- Combine flours in a medium size mixing bowl. Make a well in the center of the flour with your fist and add the eggs and yolk. Using a fork, gradually mix the eggs into the flour until a shaggy dough forms. Transfer the dough to a wooden surface or large cutting board and knead vigorously until well-combined, about 10 minutes. The dough should be firm and smooth, without any dry or sticky areas. If the dough is too dry, wet your fingertips and add very small increments of water, as needed. Wrap the dough tightly in plastic and allow it to rest at room temperature for about 20 minutes (or more, if time allows).
- While the dough is resting, bring a small pot of water to a boil. Score the bottoms of the tomatoes with a knife, creating a small X that pierces through the skin. Add to boiling water and blanch until the skin around the score marks begins to peel, about 1-2 minutes. Remove immediately and run under cold water until cool. Peel back the skins of the tomatoes--they should come off cleanly. Halve them and remove the seeds with a small spoon. Roughly chop the remaining flesh and set aside.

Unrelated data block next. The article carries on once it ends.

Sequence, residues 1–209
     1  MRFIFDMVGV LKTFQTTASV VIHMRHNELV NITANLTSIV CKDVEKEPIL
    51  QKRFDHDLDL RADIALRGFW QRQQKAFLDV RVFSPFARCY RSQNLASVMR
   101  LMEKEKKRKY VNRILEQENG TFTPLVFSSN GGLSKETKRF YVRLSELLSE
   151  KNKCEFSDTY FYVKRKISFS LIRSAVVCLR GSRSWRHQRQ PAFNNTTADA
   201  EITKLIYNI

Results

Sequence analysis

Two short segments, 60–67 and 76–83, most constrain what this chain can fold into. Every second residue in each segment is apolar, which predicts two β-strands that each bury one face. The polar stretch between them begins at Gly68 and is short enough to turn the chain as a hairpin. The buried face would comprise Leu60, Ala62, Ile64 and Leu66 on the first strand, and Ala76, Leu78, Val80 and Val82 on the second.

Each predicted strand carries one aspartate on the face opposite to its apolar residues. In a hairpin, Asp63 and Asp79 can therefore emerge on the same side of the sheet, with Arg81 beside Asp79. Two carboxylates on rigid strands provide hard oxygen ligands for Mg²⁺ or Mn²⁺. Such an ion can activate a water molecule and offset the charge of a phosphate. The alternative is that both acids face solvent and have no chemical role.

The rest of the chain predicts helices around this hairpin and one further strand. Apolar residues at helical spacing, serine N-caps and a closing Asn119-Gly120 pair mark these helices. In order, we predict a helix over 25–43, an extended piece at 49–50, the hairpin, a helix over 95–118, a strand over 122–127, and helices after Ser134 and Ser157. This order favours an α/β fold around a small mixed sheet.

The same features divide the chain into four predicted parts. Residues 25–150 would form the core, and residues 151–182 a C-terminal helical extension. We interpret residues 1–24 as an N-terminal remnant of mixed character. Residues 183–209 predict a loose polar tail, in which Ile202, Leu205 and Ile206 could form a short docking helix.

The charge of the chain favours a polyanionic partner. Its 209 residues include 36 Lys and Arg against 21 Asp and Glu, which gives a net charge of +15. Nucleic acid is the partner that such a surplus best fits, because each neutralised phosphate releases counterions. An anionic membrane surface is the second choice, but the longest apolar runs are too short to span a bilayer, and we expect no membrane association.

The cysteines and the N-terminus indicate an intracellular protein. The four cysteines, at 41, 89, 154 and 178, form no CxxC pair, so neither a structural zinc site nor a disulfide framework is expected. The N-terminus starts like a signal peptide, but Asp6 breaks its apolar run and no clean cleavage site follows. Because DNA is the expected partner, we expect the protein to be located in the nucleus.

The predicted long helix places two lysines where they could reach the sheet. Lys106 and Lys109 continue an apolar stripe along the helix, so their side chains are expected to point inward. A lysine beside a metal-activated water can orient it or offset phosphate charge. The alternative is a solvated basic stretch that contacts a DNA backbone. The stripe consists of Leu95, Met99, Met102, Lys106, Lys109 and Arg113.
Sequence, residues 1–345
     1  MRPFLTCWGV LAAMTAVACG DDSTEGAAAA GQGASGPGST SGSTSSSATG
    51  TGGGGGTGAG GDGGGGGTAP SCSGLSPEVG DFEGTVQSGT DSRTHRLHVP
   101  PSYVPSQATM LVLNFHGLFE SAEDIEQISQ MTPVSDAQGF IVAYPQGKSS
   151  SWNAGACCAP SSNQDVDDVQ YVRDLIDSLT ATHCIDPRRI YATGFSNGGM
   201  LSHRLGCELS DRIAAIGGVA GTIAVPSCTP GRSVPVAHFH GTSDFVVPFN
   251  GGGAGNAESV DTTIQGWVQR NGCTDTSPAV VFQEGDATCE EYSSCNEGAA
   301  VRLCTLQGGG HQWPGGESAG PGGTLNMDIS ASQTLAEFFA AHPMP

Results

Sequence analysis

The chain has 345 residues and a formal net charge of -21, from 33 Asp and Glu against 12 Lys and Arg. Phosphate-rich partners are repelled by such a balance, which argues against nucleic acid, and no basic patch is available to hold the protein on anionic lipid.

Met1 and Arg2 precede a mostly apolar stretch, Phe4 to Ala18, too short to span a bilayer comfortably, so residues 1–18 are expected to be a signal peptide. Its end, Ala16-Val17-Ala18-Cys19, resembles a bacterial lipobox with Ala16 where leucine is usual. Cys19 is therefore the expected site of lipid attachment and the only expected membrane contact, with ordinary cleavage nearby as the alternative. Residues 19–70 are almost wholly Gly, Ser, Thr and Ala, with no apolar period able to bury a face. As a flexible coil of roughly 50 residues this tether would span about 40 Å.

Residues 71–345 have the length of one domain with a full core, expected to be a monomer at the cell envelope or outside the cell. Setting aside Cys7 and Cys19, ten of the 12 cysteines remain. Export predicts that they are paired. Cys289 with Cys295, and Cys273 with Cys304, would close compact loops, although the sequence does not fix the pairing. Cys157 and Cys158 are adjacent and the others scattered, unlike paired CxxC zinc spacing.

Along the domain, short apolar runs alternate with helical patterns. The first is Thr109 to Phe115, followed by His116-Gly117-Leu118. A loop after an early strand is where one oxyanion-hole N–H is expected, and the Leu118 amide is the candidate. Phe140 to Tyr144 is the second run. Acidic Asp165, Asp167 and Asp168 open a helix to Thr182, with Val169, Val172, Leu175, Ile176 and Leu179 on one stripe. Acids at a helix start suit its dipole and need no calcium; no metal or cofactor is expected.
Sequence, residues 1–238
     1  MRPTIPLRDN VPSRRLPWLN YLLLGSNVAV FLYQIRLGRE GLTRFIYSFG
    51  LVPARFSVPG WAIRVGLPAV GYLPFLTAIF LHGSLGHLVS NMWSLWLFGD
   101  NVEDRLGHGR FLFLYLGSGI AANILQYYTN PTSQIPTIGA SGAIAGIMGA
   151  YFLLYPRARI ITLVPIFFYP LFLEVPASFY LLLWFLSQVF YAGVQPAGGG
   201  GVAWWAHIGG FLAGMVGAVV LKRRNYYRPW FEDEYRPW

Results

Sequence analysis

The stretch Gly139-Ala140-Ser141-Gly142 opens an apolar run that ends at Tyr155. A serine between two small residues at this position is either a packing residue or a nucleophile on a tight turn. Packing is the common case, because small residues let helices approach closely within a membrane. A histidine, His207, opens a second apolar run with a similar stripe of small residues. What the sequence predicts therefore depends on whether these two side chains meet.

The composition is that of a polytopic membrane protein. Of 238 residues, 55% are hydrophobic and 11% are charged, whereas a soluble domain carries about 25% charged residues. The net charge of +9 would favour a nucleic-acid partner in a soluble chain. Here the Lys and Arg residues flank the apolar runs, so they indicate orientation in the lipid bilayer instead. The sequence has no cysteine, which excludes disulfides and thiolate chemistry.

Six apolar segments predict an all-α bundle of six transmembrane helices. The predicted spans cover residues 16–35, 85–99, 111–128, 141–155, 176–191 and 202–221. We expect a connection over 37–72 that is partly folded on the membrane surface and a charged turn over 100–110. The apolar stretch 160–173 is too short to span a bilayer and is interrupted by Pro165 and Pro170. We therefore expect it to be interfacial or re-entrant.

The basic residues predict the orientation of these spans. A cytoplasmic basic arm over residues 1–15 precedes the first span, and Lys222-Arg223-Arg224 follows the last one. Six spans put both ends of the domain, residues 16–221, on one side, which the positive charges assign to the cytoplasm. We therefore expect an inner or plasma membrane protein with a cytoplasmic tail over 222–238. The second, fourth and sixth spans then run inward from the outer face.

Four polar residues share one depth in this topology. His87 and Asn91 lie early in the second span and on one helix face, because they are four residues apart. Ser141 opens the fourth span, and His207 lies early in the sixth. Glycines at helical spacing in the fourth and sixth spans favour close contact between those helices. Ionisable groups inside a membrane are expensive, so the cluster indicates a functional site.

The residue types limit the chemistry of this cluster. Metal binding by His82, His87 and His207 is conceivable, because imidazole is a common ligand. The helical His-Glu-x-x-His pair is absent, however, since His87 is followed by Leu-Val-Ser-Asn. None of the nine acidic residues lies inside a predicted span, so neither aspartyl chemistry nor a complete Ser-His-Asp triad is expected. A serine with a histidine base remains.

- Add the almonds to a dry non-stick pan and gently toast over medium-low heat. Once golden and fragrant, remove from heat and set aside. Smash the garlic cloves and sprinkle with kosher salt. Add to a food processor (or, if you’re traditional, a mortar and pestle), along with the almonds. Pulse 1-2 seconds; in a mortar and pestle, mash the garlic, salt, and almonds to a paste. Then add the basil leaves (no stems) and tomatoes. Pulse in 1-2 second increments while drizzling Brightland's AWAKE until a coarse pesto forms. It should not be smooth--note that it will be greener or redder depending on how many tomatoes vs. basil are used; both are equally delicious!